, at the time a state senator who had sponsored the bill.§ 166.046. PROCEDURE IF NOT EFFECTUATING A DIRECTIVE OR TREATMENT DECISION. (a) If an attending physician refuses to honor a patient's advance directive or a health care or treatment decision made by or on behalf of a patient, the physician's refusal shall be reviewed by an ethics or medical committee. The attending physician may not be a member of that committee. The patient shall be given life-sustaining treatment during the review. (b) The patient or the person responsible for the health care decisions of the individual who has made the decision regarding the directive or treatment decision: (1) may be given a written description of the ethics or medical committee review process and any other policies and procedures related to this section adopted by the health care facility; (2) shall be informed of the committee review process not less than 48 hours before the meeting called to discuss the patient's directive, unless the time period is waived by mutual agreement; (3) at the time of being so informed, shall be provided: (A) a copy of the appropriate statement set forth in Section 166.052; and (B) a copy of the registry list of health care providers and referral groups that have volunteered their readiness to consider accepting transfer or to assist in locating a provider willing to accept transfer that is posted on the website maintained by the Texas Health Care Information Council under Section 166.053; and (4) is entitled to: (A) attend the meeting; and (B) receive a written explanation of the decision reached during the review process. (c) The written explanation required by Subsection (b)(2)(B) must be included in the patient's medical record. (d) If the attending physician, the patient, or the person responsible for the health care decisions of the individual does not agree with the decision reached during the review process under Subsection (b), the physician shall make a reasonable effort to transfer the patient to a physician who is willing to comply with the directive. If the patient is a patient in a health care facility, the facility's personnel shall assist the physician in arranging the patient's transfer to: (1) another physician; (2) an alternative care setting within that facility; or (3) another facility. (e) If the patient or the person responsible for the health care decisions of the patient is requesting life-sustaining treatment that the attending physician has decided and the review process has affirmed is inappropriate treatment, the patient shall be given available life-sustaining treatment pending transfer under Subsection (d). The patient is responsible for any costs incurred in transferring the patient to another facility. The physician and the health care facility are not obligated to provide life-sustaining treatment after the 10th day after the written decision required under Subsection (b) is provided to the patient or the person responsible for the health care decisions of the patient unless ordered to do so under Subsection (g). (e-1) If during a previous admission to a facility a patient's attending physician and the review process under Subsection (b) have determined that life-sustaining treatment is inappropriate, and the patient is readmitted to the same facility within six months from the date of the decision reached during the review process conducted upon the previous admission, Subsections (b) through (e) need not be followed if the patient's attending physician and a consulting physician who is a member of the ethics or medical committee of the facility document on the patient's readmission that the patient's condition either has not improved or has deteriorated since the review process was conducted. (f) Life-sustaining treatment under this section may not be entered in the patient's medical record as medically unnecessary treatment until the time period provided under Subsection (e) has expired. (g) At the request of the patient or the person responsible for the health care decisions of the patient, the appropriate district or county court shall extend the time period provided under Subsection (e) only if the court finds, by a preponderance of the evidence, that there is a reasonable expectation that a physician or health care facility that will honor the patient's directive will be found if the time extension is granted. (h) This section may not be construed to impose an obligation on a facility or a home and community support services agency licensed under Chapter 142 or similar organization that is beyond the scope of the services or resources of the facility or agency. This section does not apply to hospice services provided by a home and community support services agency licensed under Chapter 142.Added by Acts 1999, 76th Leg., ch. 450, § 1.03, eff. Sept. 1, 1999. Amended by Acts 2003, 78th Leg., ch. 1228, § 3, 4, eff. June 20, 2003.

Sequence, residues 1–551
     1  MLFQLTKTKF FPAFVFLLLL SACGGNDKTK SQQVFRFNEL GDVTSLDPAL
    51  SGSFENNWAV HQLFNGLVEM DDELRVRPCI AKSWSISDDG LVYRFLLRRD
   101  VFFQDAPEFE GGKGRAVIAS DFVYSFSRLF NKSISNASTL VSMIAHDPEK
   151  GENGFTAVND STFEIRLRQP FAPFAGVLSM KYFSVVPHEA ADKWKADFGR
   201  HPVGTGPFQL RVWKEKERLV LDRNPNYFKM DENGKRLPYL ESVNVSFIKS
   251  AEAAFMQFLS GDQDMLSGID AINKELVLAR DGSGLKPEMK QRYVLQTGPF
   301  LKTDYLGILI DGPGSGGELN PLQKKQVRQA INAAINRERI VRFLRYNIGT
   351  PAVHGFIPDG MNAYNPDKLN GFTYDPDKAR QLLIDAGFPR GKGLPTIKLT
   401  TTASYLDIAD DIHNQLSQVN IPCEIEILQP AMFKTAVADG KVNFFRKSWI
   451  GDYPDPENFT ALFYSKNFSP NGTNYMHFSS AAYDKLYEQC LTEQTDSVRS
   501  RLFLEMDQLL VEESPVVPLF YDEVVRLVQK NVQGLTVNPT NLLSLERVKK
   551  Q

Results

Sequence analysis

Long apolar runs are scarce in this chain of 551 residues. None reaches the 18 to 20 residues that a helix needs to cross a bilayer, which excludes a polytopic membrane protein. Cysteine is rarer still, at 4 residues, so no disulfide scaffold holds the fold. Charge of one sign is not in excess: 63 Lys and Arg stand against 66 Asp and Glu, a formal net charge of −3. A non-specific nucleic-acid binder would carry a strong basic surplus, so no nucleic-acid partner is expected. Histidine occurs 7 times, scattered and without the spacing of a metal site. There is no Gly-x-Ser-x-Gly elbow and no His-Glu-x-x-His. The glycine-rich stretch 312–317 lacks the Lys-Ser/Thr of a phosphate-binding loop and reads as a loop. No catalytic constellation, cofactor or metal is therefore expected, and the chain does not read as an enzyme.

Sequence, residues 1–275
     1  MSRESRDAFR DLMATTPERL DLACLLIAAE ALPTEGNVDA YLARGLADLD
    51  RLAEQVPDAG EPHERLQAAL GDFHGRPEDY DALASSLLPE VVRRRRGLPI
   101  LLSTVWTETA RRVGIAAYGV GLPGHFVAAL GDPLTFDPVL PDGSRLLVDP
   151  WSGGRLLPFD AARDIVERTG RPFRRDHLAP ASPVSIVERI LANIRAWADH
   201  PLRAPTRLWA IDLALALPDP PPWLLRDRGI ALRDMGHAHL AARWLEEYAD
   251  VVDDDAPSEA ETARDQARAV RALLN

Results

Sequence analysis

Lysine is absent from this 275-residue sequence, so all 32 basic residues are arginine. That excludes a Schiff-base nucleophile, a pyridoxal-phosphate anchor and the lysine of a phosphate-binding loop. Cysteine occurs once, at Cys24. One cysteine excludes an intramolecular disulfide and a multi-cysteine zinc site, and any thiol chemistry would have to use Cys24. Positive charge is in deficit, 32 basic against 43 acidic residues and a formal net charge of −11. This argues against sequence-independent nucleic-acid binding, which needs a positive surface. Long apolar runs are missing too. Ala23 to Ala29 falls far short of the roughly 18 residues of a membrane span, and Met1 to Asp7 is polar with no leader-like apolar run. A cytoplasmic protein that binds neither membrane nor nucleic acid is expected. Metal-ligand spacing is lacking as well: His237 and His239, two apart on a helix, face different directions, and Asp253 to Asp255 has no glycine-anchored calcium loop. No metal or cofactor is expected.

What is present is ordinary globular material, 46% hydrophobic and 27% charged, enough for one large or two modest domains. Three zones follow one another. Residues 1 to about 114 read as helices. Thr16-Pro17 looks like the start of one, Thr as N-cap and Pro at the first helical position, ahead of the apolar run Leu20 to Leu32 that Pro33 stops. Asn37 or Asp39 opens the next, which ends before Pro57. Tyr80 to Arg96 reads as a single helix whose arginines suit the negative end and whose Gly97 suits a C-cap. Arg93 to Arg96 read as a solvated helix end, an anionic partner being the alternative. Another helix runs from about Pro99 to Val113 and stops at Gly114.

And under the provisions of this bill, a critically ill five month old baby died shortly after he was taken off life support Tuesday afternoon
, according to Houston's NBC affiliate KPRC-TV. No facility was found with the ten day provision to take the young boy who had a fatal genetic disorder, thanatophoric dysplasia, a condition characterized by a tiny chest and lungs too small to support life.
Again, I do not have an opinion on this situation, but the politicians should not immerse itself in an issue which belongs in the courts. Those congressional representatives who are advocating the bill to be debated later today/tonight and voted on after midnight are primarily doing so to pander to the religious right. And that's sad.